When I first moved out on my own and discovered a crockpot…I really loved how easy it was to make meals.  It was so convenient and I use it all the time.  When I realized I could cook a whole chicken in the crockpot for dinner, then put the carcass back in with water and seasonings overnight to make broth for soup…it quickly became my favorite kitchen tool.  I have several now.  It is still my favorite way to make meals and soup stocks. But while I love the ease of crockpots, I love the efficiency of the pressure cooker…my current favorite kitchen tool.  In just a few hours I have a beautiful rich, yummy bone broth start to finish.  I think it make much better broth than the crockpot. There is still a lot of fear out there regarding pressure cookers.  They aren’t as unpredictable as they once were.  Modern features make they much safer and easier to use.  I have two, one stainless just for cooking and one aluminum just for canning.

If you’re like me, you probably didn’t know there is a difference between stock and broth.  If you’re not like me, you’re probably laughing.  I’m all right with that.  Anyway, I’ve been making homemade stock/broth for soups for a long time and when someone pointed out that there was a difference, I decided to find out for myself.  One place said that the difference was broth is made from meat and stock is made from bones.   Another said that stock is clear while broth is cloudy.   Still another said that stock is unseasoned and broth is seasoned.  So I just shook my head and called what I make stock or broth depending on my mood.  Recently I found a post from one of my favorite chefs…Alton Brown…on the difference between stock and broth, and I figured if anyone would know, it would be him.  He basically says that stock is made from bones and such and broth is a liquid in which meat has been cooked.  I trust him.  So technically bone broth is really bone stock.  That name change will never catch on.  I digress…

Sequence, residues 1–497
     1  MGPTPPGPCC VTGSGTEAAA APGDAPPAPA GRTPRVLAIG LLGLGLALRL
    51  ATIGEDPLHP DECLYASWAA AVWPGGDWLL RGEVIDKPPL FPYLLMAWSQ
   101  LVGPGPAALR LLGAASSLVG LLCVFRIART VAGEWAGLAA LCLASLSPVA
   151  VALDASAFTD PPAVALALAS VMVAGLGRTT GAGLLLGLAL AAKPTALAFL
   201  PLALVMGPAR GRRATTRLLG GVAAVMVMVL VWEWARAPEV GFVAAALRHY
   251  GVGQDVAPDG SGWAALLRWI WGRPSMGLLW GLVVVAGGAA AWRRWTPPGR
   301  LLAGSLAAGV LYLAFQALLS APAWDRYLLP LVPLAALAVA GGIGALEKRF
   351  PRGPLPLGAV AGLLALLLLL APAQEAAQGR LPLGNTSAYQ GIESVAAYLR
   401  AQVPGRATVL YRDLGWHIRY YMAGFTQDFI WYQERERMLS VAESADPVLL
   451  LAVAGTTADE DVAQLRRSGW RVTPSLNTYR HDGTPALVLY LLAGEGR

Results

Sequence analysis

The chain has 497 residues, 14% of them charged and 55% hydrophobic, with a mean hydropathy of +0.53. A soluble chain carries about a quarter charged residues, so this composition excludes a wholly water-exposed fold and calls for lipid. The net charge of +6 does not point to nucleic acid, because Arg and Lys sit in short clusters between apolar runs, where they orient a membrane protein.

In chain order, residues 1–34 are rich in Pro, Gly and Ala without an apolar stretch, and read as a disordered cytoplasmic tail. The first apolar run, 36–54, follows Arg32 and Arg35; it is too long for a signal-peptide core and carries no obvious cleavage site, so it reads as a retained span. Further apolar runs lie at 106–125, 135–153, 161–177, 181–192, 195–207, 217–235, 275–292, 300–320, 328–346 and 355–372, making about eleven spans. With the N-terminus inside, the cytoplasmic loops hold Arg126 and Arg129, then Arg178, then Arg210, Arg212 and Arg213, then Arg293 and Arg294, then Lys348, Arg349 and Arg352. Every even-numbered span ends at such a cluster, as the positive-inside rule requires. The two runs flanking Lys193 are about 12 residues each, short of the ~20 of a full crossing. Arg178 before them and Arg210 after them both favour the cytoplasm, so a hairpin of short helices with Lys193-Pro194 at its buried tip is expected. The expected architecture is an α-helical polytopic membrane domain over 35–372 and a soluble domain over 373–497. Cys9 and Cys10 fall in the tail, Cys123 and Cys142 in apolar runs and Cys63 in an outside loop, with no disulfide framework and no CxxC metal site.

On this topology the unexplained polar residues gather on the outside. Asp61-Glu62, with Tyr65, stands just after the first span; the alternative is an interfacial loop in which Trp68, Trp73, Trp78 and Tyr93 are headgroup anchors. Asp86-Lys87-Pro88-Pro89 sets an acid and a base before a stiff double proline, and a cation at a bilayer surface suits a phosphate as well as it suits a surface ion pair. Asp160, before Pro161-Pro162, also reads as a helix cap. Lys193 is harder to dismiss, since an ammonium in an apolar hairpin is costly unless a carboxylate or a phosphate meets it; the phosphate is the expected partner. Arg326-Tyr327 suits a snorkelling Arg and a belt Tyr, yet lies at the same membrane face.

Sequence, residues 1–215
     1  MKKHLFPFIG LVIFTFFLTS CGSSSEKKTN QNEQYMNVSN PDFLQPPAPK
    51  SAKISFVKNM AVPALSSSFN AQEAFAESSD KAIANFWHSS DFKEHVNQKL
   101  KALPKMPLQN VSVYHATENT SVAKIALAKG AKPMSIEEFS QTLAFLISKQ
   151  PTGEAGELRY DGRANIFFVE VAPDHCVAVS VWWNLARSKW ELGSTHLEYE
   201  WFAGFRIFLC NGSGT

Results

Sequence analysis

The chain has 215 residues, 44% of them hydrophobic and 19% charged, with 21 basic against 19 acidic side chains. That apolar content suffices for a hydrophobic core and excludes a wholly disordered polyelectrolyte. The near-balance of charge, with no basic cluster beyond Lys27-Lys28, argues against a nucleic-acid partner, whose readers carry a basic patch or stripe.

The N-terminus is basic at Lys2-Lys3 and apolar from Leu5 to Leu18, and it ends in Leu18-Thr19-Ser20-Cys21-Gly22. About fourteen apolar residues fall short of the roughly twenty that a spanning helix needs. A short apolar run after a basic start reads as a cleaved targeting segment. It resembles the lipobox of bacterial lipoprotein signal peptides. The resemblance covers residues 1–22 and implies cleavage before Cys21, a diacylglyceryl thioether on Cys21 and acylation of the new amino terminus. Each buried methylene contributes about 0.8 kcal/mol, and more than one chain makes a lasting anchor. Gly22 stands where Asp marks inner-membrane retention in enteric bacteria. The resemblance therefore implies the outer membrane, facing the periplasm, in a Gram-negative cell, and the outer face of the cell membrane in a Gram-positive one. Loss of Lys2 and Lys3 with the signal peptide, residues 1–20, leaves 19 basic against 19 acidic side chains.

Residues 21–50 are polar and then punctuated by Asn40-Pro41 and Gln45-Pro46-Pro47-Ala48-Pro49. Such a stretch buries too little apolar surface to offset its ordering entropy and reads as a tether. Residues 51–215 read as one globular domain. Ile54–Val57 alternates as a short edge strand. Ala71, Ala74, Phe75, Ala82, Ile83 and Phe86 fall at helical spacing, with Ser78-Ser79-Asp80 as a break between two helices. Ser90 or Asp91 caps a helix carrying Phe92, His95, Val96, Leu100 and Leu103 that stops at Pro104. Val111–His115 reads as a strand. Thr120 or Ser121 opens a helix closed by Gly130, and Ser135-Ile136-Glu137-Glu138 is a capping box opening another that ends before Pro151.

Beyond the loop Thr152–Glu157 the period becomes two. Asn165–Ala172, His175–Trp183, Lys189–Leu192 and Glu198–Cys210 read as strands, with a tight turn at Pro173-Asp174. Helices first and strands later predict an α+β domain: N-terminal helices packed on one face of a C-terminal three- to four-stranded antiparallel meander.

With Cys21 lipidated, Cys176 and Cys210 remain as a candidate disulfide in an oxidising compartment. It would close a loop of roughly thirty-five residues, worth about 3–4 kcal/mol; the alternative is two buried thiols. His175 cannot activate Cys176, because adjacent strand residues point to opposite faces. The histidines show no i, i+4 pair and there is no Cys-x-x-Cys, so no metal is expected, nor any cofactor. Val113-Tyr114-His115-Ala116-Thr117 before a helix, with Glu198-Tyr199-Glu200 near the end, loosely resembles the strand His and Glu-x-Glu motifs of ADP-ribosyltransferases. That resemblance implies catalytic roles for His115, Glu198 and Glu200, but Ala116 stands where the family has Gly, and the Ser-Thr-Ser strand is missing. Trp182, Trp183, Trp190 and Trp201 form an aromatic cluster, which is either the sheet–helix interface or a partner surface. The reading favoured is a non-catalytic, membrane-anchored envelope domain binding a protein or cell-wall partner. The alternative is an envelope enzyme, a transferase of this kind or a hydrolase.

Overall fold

I won’t bore you with the details of how to make bone broth or stock.  A quick internet search will give you plenty of instructions and recipes but if you’d like to know how I do it, let me know!  Basically you take the best bones you can find, put them into your water filled stockpot, crockpot or pressure cooker  with a tablespoon or two of good apple cider vinegar (to draw the minerals out) and any other seasonings/aromatics that you like (if you like).   I keep a bag of left over veggies and veggie scraps in the freezer for this.  In the past I made mine in the crockpot, but now I find that it is easier and tastes even better using my pressure cooker.

There has been a bit of discussion as to whether using a pressure cooker to make healthy bone broth was good or not.  Some say it destroys vitamins, some say it doesn’t.  I read a lot of both arguments and with adding the convenience and the taste, I’m fine with using the pressure cooker.   I don’t just make it for it’s health properties, but I can it to have on hand for soups, stews and gravies.  I love knowing what is in my broth when I go to use it.

So, do you make your own bone broth or stock?

 

Update – Have Been Busy…

coffeecupThings have been crazy and I haven’t had much time to sit and blog.  Funny that even with Thanksgiving coming up things are starting to calm down.

After feeling tired and worn down for so long, I’m finally making adjustments to feel better beginning with eliminating caffeine from my diet.  Yes, that includes chocolate.  Not being able to sleep well, being cranky, feeling fuzzy and forgetful, I had to do something.  Not sure if eliminating caffeine is permanent, but if it leads to my feeling better it might.  Who knows what change is next….

Thanksgiving dinner is interesting.  My sister-in-law has celiac disease and everything needs to be gluten free.  I have casein intolerance and everything needs to be dairy free.  So there will be lots of turkey and veggies.  I’m thankful for that!  And I’m bringing the pumpkin pie from this recipe.  Do you have any dietary considerations for you Thanksgiving menu?

I’m off to get started on my day, tons of laundry (I’m wearing mismatched socks), yogurt to make, a gift basket to put together (gluten free goodies for my sister-in-law and her two daughters), and a shower wouldn’t hurt.  But first, finishing my dandelion tea and getting some breakfast.  Let’s rejoice and honor God!

Psalm 118:24 – This is the day the Lord has made; we will rejoice and be glad in it.